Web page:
You can get it from your contact lens solution.
This is a nice piece. The best of the book was that the monsters were soooo BIG. (From the trailer I saw for the movie that seems to have been captured.)
To be honest, I always remember "Wild Things" as a fairly small story: Max gets grounded, imagines Wild Thing Island, plays with them until he gets bored, The End. Even as a kid, I felt the only "epic" thing about it was the size of the Wild Things themselves. And I liked the book well enough, sure, but it never ranked among my all-time favorites (like "The Caboose That Got Loose," "Nothing Ever Happens on My Block," or "Alexander and the Terrible, Horrible, No-Good, Very Bad Day" ... all of whose influences on my future self are as obvious as the titles themselves).As for the "Wild Things" movie, I could care less. Spike Jonze is talented enough to make a unique film from the subject matter, and since I don't cherish the book it won't destroy my childhood to see its plot re-tinkered by Hollywood. No, the worst thing about the movie is the fact it exists at all -- as Dundas said, it's "a naked generational pander," and I find my generation's indie-hipster wistfulness just as annoying as the Boomers' endless Sixties nostalgia. If anything, we're worse than the Boomers because our generation hasn't achieved a goddamn thing politically. We're apparently all too busy being cutesy and twee. Why agitate for change when there are so many retro-pop-cult t-shirts just waiting to be silkscreened?JG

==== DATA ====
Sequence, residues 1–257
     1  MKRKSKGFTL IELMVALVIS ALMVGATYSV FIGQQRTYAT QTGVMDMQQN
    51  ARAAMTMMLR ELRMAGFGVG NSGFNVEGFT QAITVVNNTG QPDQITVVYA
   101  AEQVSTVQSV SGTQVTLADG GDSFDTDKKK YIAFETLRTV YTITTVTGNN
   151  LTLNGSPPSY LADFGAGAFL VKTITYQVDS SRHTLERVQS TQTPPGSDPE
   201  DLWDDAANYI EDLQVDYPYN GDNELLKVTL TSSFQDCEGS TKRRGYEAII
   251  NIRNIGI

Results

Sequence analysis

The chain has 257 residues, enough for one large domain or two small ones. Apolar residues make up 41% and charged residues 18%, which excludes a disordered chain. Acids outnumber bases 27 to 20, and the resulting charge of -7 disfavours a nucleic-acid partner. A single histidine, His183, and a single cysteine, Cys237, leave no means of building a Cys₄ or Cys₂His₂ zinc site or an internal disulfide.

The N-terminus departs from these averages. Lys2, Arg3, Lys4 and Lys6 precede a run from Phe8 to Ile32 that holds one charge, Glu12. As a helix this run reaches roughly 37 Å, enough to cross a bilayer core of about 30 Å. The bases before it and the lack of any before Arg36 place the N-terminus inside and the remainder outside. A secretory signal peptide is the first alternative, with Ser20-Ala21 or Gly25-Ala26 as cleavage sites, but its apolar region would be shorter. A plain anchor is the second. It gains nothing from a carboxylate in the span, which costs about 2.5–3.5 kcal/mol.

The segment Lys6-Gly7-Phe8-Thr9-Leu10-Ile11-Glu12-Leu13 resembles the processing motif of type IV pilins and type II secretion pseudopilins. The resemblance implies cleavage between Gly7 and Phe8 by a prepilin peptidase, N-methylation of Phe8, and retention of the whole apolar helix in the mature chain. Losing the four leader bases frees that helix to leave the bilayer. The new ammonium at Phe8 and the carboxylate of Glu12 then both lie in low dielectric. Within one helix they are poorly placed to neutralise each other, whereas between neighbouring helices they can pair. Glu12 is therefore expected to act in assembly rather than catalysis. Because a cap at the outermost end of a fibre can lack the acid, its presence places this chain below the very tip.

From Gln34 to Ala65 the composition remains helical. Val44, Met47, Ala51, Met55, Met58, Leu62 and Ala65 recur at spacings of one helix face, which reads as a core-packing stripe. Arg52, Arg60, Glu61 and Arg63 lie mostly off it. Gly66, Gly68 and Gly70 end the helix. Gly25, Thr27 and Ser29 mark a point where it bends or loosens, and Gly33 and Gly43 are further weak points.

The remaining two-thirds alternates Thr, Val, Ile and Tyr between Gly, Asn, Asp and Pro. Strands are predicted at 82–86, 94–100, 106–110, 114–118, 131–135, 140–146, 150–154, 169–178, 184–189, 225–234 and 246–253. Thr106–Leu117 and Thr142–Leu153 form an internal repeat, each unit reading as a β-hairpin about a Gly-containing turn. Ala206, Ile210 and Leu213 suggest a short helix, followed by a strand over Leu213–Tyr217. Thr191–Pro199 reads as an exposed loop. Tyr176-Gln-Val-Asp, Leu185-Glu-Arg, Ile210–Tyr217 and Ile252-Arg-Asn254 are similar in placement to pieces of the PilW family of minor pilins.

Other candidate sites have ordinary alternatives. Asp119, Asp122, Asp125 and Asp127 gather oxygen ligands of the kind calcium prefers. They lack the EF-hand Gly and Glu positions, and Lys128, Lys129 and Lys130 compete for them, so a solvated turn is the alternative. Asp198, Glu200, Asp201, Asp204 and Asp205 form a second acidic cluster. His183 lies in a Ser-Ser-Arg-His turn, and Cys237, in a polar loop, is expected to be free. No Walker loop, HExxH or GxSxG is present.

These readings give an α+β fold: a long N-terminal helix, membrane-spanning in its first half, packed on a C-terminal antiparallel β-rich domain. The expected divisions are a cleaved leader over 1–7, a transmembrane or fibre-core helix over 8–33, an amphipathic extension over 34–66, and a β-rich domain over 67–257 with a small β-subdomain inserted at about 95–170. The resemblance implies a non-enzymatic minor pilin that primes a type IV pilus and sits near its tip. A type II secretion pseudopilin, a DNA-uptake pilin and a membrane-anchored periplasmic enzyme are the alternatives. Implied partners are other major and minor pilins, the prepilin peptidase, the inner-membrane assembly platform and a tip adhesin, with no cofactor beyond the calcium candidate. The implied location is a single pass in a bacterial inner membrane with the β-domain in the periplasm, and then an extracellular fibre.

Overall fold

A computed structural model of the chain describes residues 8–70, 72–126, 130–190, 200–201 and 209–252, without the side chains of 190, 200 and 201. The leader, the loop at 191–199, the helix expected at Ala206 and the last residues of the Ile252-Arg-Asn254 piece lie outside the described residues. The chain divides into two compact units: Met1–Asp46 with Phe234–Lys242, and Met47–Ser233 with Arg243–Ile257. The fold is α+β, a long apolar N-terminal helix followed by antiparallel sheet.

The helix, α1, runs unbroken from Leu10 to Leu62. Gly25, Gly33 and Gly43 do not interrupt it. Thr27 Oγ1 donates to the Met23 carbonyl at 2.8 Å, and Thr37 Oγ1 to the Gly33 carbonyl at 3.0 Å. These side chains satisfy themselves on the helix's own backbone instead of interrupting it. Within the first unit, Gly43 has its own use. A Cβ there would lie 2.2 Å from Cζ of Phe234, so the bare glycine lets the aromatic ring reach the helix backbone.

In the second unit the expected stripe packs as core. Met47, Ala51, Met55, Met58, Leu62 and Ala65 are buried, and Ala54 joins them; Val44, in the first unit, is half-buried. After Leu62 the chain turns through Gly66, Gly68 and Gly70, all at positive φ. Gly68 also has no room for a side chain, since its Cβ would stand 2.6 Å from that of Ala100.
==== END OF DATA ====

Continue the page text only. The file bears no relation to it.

I agree, Becky! All the guy can come up with is "Breakfast at Tiffany's", when trying to think of things he has in common with her. That's crazy! How can he expect to have a decent relationship with this woman (he's clearly heartbroken) when the "cornerstone" of their relationship is an old George Peppard film?